Factors Determining Outcome of Starter Culture

The properties of the starter culture depend on 7 factors[20]. These factors all affect the microorganisms that are present in the culture[21].


CCaption: Properties of The Starter Culture Depend on These Factors

The Baking Process

To create the final dough mixture, the starter culture is combined with the other ingredients and optional flavourings.[22] The proportion of starter culture within the final dough may vary, but is usually not less than 30%. [23] After being kneaded, the dough is then left to ferment for up to 12 hours [24]; during this time the accumulation of lactic acid contributes acidity, and the carbon dioxide causes the dough to rise.[22] In order to speed up the process, baker’s yeast (Saccharomyces cerevisiae) may be used to reduce the leavening time to about 1 to 1.5 hours. [24]

The following is a simple recipe using baker’s yeast (modified from Wood, 1996 [25]; cited in Wagner, 2005 [24]):

1. Combine the following:
  • 1 cup starter culture
    Kneading the dough [26]
  • 4 g baker’s yeast
  • 9 g warm butter
  • 9 g salt
  • 600 g flour
  • 1 cup milk
  • 26 g sugar
2. Knead the dough.
3. Place the dough in a greased pan and let rise for approximately 1 hour.
4. Bake at 350˚F for 30-45 minutes.

The final product should be golden brown and should sound hollow when tapped underneath. [27] The bread must be left to cool for at least 45 minutes before slicing. [27]

Properties of Sourdough Bread

Flavour, Texture and Shelf Life

The flavour of sourdough bread can differ depending on the starter culture used. Some of the yeast found in the starter culture has been active for long periods of time, and the age of the culture gives the sourdough bread its unique and distinct taste. Some people use instant yeast as a replacement for the yeast naturally present in the starter culture. This creates a bread with a flavour close to that produced with the original method, but it defeats the purpose of making sourdough bread without buying, and storing commercially bought yeast.[28] The taste originates from the lactic and acetic acid found in the bread. These acids are produced by the bacteria Lactobacili, giving the bread its unique tangy and sour flavour and aroma.

The long shelf life of sourdough bread is due to the high water binding capacity of the flour particles, resulting in lower crumb firmness and decreased water activity, which prevents microbial growth. The lactic acid is responsible for the water binding property of the bread as it causes starch granules to swell, slowing down water loss and staleing. The bacteria, Lactobacilius plantarum prevents the growth of mould spoilage microorganisms. Due to these properties, the storage life of the sourdough bread is much longer than standard bread. [29]

How is Sourdough Different From Other Breads?

The function and use of yeast in sourdough bread is the main cause for its variation amongst other risen breads. Today, most bakers use store bought cultivated yeast (occasionally called dry active yeast).[30]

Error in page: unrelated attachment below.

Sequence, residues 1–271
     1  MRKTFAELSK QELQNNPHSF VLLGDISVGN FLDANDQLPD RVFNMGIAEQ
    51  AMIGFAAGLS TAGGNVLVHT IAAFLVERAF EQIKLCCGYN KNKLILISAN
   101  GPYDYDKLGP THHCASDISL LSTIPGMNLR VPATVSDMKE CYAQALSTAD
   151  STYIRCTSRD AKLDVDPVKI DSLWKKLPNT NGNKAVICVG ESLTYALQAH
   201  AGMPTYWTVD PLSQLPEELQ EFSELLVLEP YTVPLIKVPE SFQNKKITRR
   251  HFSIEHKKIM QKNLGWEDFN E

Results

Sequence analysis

This yeast is granulated to form tiny yeast particles which are then dried and vacuum sealed. While the yeast remains dormant in the package, it can successfully be activated to produce a leavened bread or bread product [31]. Its activation is typically carried out through the addition of water which re-activates the yeast fungi that feed on the sugar and starch to make the bread rise [32]. Sourdough bread however deals with yeast in a completely unique manner. Unlike other yeast based breads, the sourdough yeast fungi are actually kept alive in a liquid medium called a starter [33]. In addition, the eating habits of the yeast in sourdoughs and other raised breads differ from one another. The predominant yeast in sourdough, Saccharomyces exiguus, cannot metabolize one of the sugars that is present in the flour; maltose. However, Baker’s yeast, can easily feed on this sugar. Since the bacteria that give sourdough bread its taste is dependent on maltose to function and reproduce, they thrive much better in the company of sourdoughs yeast where they don’t have to compete with this sugar [34].

Packaging of Sourdough Bread

One desirable property of Sourdough Bread which the consumer looks for upon purchase is a crispy crust. To be able to successfully reach this property, Sourdough Bread is often packaged in a brown paper bags with one end exposed to the surrounding environment. The exposure to the surrounding environment, allows the bread to gradually lose its moisture and form the desirable crispy crust. On the contrary, bread that is packaged in plastic bags, with both ends sealed is able to retain it's moisture which leads to the formation of a product with a tough and chewy crust. [36]


References

  1. Hasan, Beni. (2010). Woman Grinding Grain. retrieved from http://teachmiddleeast.lib.uchicago.edu/historical-perspectives/the-question-of-identity/before-islam-egypt/image-resource-bank/image-13.html